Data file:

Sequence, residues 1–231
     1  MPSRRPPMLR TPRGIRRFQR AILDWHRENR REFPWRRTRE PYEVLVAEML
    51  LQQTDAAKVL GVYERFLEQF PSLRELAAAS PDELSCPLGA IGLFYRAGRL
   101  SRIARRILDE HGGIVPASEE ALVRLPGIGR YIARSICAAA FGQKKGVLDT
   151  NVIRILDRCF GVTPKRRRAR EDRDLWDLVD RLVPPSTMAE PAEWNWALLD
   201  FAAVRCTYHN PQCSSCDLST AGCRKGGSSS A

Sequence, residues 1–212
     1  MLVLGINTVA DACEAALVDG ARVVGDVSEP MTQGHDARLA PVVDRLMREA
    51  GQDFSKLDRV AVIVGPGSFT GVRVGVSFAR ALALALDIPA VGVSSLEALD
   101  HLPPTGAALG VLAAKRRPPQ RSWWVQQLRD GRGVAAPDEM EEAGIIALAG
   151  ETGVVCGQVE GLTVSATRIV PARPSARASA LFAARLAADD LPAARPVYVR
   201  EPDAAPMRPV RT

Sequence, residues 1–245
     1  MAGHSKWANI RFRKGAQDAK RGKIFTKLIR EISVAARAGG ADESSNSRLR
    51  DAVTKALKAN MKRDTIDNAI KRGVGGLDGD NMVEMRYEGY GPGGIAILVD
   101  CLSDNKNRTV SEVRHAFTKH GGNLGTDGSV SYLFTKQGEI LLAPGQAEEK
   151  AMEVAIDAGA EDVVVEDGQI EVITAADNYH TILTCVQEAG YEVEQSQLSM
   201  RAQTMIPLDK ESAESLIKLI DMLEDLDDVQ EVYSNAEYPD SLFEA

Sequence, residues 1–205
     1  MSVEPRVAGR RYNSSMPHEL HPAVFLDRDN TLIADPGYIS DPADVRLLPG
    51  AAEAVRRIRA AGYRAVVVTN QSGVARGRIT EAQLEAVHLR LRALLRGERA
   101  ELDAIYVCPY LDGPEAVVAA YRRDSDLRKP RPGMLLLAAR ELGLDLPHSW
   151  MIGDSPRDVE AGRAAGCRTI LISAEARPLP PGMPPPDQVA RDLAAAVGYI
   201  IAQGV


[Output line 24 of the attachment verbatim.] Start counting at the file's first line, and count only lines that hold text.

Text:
   201  IAQGV